Kevin J. Delaney is CEO and editor-in-chief of Charter, a media and services company focused on the future of work. He was a co-founder of Quartz, managing editor at The Wall Street Journal, and senior editor at The New York Times.

The late Kurt Lewin of the Massachusetts Institute of Technology once observed that companies’ practices and cultures are usually frozen, making deep change harder. But sometimes external factors can bring about a thaw, making transformation possible—before the organization freezes again.

The pandemic has, without a doubt, brought on a massive thawing and extended period of slush, as Lynda Gratton of London Business School has noted. Now, as we head into 2022, we need to expect practices and norms to naturally freeze in place once again. And that creates a unique window before they do for leaders to reshape their organizations and deepen the trust of their employees.

Yet there are reasons to be concerned that many will squander this unique opportunity to redefine the culture and practices of their organizations to better equip them for how work and our world have changed.

Numerous surveys have found a wide gap between executives’ expectations for workers to return to offices and their employees’ own desires. More than three-quarters of C-suite executives polled by McKinsey in May said they expected typical white collar employees to come back to the office three or more days per week, while over half of the workers they surveyed wanted three or more days of remote work. Meanwhile, a recent Gallup survey found that the majority of production and front-line workers (many of whom have been required to work on-site throughout the pandemic) are “struggling” or “suffering,” even as many of their employers are reporting record profits.

This broad disconnect is a recipe for disengagement and employee departures. It’s possible that we’re seeing some of that in the record voluntary resignation numbers posted in recent months — some 3% of the U.S. workforce quit their jobs in September alone, and another 2.8% voluntarily resigned in October. Whether you think this is truly a “Great Resignation” or not, a lot of workers are feeling empowered to voluntarily leave their jobs.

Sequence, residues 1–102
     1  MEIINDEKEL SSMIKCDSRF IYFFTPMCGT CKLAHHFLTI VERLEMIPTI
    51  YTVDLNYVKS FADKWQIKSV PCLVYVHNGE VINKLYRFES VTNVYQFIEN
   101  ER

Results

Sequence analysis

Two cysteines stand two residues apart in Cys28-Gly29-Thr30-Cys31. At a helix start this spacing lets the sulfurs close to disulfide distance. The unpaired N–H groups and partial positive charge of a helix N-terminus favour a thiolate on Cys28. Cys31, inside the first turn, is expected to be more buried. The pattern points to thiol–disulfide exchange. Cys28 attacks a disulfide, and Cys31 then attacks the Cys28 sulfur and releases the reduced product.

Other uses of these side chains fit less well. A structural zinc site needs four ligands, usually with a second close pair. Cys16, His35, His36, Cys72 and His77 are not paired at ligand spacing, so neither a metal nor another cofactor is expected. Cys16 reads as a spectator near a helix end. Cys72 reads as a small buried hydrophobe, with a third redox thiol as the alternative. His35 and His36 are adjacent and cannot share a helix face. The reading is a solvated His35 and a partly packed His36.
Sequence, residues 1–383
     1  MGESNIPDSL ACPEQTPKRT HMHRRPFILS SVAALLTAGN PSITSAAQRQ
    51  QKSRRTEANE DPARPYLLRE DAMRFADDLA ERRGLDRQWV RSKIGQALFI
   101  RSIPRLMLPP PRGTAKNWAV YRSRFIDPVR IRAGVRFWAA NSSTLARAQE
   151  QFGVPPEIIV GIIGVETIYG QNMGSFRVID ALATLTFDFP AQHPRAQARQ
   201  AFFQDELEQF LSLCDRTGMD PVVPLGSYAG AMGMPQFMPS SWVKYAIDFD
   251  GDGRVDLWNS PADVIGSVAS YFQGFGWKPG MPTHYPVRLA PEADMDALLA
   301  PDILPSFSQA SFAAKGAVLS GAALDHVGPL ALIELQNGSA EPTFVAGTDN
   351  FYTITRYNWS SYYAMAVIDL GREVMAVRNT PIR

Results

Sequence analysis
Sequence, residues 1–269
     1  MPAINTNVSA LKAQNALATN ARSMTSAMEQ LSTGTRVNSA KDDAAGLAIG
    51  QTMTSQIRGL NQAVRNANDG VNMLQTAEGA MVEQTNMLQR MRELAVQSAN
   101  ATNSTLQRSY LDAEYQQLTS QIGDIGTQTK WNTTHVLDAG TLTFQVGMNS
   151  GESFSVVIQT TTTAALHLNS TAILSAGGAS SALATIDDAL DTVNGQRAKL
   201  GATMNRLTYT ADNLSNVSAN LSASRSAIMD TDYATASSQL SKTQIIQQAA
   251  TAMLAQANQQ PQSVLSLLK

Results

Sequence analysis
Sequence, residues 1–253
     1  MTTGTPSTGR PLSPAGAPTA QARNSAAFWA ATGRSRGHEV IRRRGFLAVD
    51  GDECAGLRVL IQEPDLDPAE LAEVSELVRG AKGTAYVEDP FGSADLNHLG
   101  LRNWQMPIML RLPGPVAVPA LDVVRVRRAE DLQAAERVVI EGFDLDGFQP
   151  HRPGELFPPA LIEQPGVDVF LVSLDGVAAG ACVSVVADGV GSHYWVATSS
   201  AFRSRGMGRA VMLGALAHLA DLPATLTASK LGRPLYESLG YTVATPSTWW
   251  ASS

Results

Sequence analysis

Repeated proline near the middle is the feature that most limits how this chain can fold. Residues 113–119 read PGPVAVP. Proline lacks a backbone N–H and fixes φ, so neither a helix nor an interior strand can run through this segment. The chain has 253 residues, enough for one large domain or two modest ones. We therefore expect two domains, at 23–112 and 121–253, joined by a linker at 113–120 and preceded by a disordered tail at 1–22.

Now, the Omicron variant, the broader return to the workplace planned for 2022 will almost certainly test corporate leadership further. Some 60% of workers say that employees today have more power and leverage when it comes to creating change in organizations, according to the 2021 Edelman Trust Barometer. And they’re increasingly skeptical about companies’ actions. Just 48% say their employer is acting on its values, down seven percentage points from January 2019. There has also been a sense of backsliding even in high-profile areas such as diversity. Some 65% of US workers said employees at all levels of their company reflect the diversity of their customers and community, down five percentage points from January 2019.

Build or botch?

Laszlo Bock, the CEO of Humu, a company focused on workplace behavioral change, and former Senior Vice President of People Operations at Google, believes that many companies will botch the return to the workplace. He predicts that 80% of large companies adopting new hybrid and remote approaches will abandon them in two years.

Bock also believes that many leaders will make the mistake of pushing workers for performance at a moment when many remain exhausted and burned out. He advises formally relaxing performance standards to give employees breathing room to reset their energy and recommit to their roles, which will pay off in increased productivity over the long run. “Keep burning people out and they’re all going to quit and your attrition is going to double and you’re going to be further behind,” Bock warns.

The good news for bosses is that workers today trust their own employers, more than just about any societal institution. According to the 2021 Edelman Trust Barometer Special Report: The Belief-Driven Employee, some 78% of employees said they trusted their co-workers, followed by their direct manager (77%), chief executive (71%), and head of human resources (70%).